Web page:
The post Top Song of the Week: Thom Yorke and Flea Fight Through Anxieties on “Daily Battles” appeared first on Consequence of Sound.
Each week we break down our favorite song, highlight our honorable mentions, and wrap them all up with other staff recommendations into a New Sounds playlist just for you. Be sure to subscribe here. This week’s top song is Thom Yorke and Flea’s “Daily Battles”.
It’s been a bountiful year for Thom Yorke fans. Earlier this summer, Yorke released his first complete solo record in five years, ANIMA, and a few months after that dropped a companion EP to his astounding Suspiria soundtrack. This week, Yorke released a new song he recorded with Flea (his Atoms for Peace bandmate) for Motherless Brooklyn, Edward Norton’s upcoming directorial debut based on the novel of the same name by Jonathan Lethem.
The new track is titled “Daily Battles” and is a scant and reflective song carried heavily throughout by piano. The film takes place in the 1950s, but throughout the track we hear Yorke coo out about anxieties of modern life alongside a horn arrangement by Flea.
The new song came about when Norton directly reached out to the Radiohead frontman. In a statement with Rolling Stone, Norton says this about the content of the song: “Thom is so good at weaving together personal anguish and the crushing politics of the time … The way that you get the sense in his songs of the difficulty of holding on to your own spirit within times that feel oppressive, and that is so much the straddle that is taking place in this film, which is loneliness and institutional depression and racism.”
The track also has a jazz adaptation by Wynton Marsalis. Both versions of the song will be released on a 7” vinyl single, due out October 4th. Motherless Brooklyn is due in theaters November 1st.
OTHER SONGS WE’RE SPINNING
Sturgill Simpson – “Sing Along”
In a move that I’d like to think no one saw coming (or at least not before ComicCon last month), Sturgill Simpson’s new single is accompanied with an anime-style video following a steampunk samurai through a post-apocalyptic wasteland where labor is traded directly for food and glitzy mobs terrorize the proletariat. Simpson’s new album, Sound & Fury, will be out September 27th, along with its companion anime film, a collaboration between Simpson, manga artist Takashi Okazaki, and filmmaker Junpei Mizusaki. Both look to be exciting mashups of the Americana, country aesthetic Simpson is known for and more traditional elements of anime. –Sean Lang
Maya Hawke – “To Love a Boy”
Maya Hawke is the second of the Scoops Troop to showcase their music ability. (Joe Keery released two under the moniker Djo earlier this month). The breakout Stranger Things actress made her musical debut this week with two beautifully intimate tracks, “To Love a Boy” and its B-side “Stay Open.” “To Love a Boy” is filled with lyrics that pull on your heart-strings, all thanks to Hawke, while the folksy execution of the music is by Grammy Award-winning songwriter Jesse Harris. Regardless, both tracks allow a deep insight into Maya Hawke’s character and promise major success if the Stranger Things actress continues to pursue music. –Samantha Lopez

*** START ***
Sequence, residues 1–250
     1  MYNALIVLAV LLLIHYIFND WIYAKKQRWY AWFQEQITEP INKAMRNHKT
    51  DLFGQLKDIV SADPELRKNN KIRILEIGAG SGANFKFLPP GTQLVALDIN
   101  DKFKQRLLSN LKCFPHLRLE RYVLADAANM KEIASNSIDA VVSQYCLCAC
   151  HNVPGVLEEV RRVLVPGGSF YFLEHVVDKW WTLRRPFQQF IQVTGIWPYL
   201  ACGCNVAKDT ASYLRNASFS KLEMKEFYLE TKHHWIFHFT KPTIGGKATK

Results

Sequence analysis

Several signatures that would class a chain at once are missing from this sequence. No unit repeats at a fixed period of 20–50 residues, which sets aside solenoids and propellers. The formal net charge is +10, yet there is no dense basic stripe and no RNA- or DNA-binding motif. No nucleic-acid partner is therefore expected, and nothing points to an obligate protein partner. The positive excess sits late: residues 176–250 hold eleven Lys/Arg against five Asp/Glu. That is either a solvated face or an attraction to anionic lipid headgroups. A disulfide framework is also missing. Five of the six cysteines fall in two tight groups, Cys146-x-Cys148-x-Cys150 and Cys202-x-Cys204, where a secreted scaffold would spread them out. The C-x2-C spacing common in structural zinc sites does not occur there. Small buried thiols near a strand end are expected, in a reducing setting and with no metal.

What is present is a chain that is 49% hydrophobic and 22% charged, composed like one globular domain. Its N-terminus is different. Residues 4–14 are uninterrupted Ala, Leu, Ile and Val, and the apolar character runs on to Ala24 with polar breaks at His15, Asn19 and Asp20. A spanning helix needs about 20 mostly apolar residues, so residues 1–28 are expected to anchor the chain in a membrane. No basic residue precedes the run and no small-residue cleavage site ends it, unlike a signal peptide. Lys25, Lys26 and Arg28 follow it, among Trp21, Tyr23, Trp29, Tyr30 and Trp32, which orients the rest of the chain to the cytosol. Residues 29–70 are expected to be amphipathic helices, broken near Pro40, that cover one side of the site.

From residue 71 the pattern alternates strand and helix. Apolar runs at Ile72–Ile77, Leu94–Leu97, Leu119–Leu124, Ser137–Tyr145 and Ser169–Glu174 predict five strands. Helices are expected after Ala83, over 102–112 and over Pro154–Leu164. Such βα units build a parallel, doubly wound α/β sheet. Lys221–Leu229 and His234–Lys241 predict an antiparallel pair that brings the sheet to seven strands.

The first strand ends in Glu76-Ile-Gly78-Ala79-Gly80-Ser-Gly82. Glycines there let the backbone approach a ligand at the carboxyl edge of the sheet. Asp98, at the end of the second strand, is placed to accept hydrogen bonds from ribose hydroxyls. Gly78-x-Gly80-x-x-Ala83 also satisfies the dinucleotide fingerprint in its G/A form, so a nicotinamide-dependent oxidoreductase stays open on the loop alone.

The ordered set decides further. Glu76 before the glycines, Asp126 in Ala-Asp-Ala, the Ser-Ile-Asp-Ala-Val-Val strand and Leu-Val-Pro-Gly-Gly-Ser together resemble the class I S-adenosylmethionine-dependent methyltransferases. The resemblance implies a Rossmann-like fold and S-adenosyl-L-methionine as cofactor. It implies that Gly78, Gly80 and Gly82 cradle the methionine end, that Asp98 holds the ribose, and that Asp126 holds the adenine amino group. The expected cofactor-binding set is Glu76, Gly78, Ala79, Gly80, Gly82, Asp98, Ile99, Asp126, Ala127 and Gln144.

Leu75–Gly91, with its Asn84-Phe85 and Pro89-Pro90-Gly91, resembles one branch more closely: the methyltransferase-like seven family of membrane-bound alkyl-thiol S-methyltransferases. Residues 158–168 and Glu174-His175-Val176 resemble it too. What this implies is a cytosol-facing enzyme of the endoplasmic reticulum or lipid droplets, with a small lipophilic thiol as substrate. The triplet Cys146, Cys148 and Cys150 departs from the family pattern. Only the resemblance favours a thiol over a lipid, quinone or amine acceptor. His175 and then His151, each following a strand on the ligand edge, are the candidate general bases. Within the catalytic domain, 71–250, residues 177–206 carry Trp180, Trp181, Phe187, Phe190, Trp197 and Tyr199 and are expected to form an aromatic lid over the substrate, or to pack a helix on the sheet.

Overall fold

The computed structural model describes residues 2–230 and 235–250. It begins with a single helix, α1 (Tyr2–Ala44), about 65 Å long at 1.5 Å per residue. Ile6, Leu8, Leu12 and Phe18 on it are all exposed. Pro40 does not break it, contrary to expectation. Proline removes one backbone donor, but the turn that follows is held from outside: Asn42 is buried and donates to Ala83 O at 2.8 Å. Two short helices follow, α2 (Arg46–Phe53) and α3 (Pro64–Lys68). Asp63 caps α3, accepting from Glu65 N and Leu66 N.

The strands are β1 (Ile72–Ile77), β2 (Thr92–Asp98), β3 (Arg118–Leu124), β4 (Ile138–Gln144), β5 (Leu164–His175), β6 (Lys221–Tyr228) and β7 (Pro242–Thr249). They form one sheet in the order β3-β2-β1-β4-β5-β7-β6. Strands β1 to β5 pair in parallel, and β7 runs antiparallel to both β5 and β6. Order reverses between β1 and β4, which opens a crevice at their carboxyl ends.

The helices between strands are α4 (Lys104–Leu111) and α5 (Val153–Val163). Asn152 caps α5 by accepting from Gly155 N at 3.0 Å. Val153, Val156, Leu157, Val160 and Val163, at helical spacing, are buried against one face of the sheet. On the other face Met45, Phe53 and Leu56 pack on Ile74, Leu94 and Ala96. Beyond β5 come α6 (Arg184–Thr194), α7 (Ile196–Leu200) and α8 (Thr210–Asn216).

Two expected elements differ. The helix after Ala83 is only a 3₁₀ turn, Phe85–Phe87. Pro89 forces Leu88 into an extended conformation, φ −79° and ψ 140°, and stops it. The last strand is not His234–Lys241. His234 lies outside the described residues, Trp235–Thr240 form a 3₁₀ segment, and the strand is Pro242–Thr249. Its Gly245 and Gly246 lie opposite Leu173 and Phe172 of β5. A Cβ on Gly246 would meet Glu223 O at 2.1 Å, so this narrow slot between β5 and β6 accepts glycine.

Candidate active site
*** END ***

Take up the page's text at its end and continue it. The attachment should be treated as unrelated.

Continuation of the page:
BROCKHAMPTON – “NO HALO”
The much-loved West Coast rap “boy band” released a new album, Ginger, last night at midnight. It’s a follow-up to last year’s celebrated Iridescence. For the past few weeks, the group have released a new single with a companion video every Thursday morning — including this past Thursday. This week, the track is titled “No Halo”, and unlike its predecessors, which capture an inexplicable and chaotic vibe throughout, is a song built on whimsy guitars that create a more pensive, melodic mood. Its companion video is directed by Spencer Ford and has the same grainy, lo-fi energy as other BROCKHAMPTON videos. –Samantha Lopez
Anna Wise – “Nerve”
Alt R&B singer and veteran Kendrick Lamar collaborator Anna Wise is prepping to release her first full-length. The record is due out Oct. 18th and follows up a pair of EPs. Wise’s new single, “Never”, is an upbeat, funky tune about releasing toxic energy brought on by toxic people. The song has a precise drumbeat that showcases Wise’s sturdy vocals. Both of which are infectious. In a statement, Wise says this about the musical process: “Sometimes words and melodies flow out so fast, it’s best to have all your tools ready to catch the ideas before they leave you and tap on the next person’s shoulder. I had all my tools ready that night, and I’m grateful. Lyrically, it’s about spring cleaning your relationships and not being afraid of letting go. Typical, I know, but it’s a lesson I am still learning.” –Samantha Lopez
Click ahead for more song picks and our exclusive playlist.
- Breaking Bad movie gets title, teaser, and premiere date: Watch
- Emma Stone is punk rock Cruella de Vil in first image from upcoming prequel
- Nick Cave on his breakup with PJ Harvey: "I was so surprised I almost dropped my syringe"
- Leslie Jones, Alec Baldwin exit SNL
- Dropkick Murphys stage intimate performance outside sick kid's window: Watch
- Put a smile on that face with the new trailer for Joaquin Phoenix’s Joker: Watch